13. These remind me of Just Nan’s needle slides. The major difference seems to be size and cost, although I guess you could also throw in style. From pictures it seems that Just Nan’s might be a little longer. If you were looking purely at price. Access Commodities is the hands down winner at 4 for $11 versus Just Nan’s $7 each price. If style was a major concern, Just Nan’s are very colorful and fairly trendy, while Access Commodities do have a vintage appeal. I buy needles in bulk all the time. I work on very large projects and usually have more than one project going at a time. If I am working on a design with multiple color changes, I keep each color threaded. With all of that said, I store my bulk needles on a strip of wool felt rolled up with the needle size Sharpie’d on the outside and stored in a clear jar that used to be a candle container. I do use tins, but usually as small storage for project bags. The size and price of the Access Commodities tins are definitely an appeal.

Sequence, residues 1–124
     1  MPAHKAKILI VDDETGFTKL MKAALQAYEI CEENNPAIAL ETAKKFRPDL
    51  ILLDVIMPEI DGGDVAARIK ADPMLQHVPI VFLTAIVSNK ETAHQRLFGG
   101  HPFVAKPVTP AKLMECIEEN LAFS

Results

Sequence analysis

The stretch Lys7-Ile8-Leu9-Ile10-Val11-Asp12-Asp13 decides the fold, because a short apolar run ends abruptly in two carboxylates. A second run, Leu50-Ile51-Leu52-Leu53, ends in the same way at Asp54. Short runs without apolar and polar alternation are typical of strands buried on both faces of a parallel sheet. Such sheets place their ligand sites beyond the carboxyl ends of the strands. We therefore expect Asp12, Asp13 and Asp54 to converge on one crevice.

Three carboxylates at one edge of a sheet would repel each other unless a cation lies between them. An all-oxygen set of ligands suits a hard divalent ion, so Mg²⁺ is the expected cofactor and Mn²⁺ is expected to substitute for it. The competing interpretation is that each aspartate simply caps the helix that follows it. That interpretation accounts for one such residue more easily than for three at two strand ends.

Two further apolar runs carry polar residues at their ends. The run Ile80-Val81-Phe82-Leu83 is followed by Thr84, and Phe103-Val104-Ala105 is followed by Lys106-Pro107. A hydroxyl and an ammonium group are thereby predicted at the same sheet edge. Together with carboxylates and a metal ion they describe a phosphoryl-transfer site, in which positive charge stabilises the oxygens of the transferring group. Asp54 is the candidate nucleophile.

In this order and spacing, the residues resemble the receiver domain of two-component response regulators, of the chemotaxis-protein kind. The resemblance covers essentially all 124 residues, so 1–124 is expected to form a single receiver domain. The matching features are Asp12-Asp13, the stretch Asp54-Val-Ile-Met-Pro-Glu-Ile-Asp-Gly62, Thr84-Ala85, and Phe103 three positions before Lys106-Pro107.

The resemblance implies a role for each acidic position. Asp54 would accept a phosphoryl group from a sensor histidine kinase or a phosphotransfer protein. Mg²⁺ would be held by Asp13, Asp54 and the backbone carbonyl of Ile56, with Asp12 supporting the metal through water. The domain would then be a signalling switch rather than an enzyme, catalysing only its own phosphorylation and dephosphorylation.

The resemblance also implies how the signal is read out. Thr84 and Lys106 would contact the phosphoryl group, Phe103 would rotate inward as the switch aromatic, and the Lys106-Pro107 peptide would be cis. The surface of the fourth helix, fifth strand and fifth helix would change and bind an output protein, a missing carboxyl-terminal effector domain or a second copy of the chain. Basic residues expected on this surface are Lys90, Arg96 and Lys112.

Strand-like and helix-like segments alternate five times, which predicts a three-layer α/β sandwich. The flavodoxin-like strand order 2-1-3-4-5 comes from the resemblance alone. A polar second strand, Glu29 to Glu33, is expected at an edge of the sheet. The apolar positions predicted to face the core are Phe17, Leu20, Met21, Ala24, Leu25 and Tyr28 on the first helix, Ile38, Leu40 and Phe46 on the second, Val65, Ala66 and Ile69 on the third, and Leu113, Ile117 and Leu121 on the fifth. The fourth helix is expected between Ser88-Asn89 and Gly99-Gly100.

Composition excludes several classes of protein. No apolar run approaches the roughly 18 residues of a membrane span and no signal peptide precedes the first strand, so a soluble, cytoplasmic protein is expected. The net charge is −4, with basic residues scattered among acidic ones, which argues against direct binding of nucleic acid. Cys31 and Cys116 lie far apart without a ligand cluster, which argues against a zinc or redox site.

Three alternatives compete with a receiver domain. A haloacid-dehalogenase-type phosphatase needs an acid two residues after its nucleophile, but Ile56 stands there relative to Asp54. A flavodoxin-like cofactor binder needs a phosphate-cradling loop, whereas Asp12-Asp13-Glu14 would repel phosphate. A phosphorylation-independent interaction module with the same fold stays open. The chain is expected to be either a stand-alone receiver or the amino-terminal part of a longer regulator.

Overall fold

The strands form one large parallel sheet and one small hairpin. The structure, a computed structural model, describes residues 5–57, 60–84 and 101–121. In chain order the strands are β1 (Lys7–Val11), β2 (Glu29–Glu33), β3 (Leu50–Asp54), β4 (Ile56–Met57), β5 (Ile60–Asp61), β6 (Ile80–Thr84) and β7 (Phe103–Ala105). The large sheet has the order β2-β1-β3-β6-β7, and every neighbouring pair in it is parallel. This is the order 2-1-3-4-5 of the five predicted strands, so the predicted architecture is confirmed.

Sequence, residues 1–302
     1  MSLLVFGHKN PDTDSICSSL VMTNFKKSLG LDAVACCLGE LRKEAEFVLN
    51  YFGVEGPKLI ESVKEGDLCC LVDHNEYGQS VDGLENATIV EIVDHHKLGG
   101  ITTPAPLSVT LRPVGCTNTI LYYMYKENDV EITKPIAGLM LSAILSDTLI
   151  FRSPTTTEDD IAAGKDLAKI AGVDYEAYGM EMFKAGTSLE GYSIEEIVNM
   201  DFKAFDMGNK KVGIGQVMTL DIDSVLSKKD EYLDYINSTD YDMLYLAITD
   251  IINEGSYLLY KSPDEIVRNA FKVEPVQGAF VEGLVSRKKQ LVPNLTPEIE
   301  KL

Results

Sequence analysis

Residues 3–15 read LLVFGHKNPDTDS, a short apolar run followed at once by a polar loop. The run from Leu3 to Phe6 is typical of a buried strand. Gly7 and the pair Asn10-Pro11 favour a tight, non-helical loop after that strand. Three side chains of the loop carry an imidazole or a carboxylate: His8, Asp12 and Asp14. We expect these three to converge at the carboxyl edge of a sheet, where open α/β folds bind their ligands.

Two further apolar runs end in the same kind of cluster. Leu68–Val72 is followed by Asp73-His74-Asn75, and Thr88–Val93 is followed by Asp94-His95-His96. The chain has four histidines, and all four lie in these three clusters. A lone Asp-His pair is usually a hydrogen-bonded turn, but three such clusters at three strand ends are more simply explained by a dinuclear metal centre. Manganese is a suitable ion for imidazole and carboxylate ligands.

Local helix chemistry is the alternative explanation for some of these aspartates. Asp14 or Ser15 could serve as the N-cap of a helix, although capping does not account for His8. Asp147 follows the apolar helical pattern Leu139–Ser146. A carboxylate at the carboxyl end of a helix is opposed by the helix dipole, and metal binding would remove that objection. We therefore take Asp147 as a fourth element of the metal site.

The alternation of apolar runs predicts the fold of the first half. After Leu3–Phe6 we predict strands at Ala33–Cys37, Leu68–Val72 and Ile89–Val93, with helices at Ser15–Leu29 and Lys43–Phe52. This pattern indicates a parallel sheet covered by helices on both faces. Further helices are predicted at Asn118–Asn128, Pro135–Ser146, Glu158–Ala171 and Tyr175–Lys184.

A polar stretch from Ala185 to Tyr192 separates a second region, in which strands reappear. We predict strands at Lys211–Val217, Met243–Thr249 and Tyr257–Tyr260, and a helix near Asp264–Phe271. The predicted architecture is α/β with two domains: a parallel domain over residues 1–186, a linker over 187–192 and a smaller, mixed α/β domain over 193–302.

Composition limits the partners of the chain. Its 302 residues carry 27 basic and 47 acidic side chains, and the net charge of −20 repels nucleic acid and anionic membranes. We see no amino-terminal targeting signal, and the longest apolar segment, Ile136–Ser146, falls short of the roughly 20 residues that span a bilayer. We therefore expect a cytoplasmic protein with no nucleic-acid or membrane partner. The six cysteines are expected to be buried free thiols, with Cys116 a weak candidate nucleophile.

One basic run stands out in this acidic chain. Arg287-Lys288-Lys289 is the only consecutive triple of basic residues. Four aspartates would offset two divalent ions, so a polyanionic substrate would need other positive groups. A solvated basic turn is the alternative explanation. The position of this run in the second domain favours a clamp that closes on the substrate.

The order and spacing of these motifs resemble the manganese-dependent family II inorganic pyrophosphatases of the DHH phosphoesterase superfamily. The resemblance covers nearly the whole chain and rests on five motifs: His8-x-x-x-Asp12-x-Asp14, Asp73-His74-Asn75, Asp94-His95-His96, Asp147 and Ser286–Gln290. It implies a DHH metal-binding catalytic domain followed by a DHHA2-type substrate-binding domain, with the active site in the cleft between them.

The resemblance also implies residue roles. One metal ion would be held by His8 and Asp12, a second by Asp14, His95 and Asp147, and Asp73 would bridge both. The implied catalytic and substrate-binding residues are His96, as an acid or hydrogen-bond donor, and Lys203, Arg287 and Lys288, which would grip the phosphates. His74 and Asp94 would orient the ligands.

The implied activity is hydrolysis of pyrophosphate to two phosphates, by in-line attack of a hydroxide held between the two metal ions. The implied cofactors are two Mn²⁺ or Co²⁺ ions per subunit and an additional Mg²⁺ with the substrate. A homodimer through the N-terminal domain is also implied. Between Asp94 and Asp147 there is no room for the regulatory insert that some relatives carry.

14. Now here is something I certainly can use. I am always needing a place for my extra needles. What an excellent idea. I would love to win a set of these.

  15. These look awesome and they would REALLY come in handy when I am going to the stitch in at my LNS. My most FAVORITE needlework in counted cross stitch. Just can’t get in enough stitches. I think these are great tins because with them being magnetized you don’t have to worry about accidentally knocking them all over the place like I often do!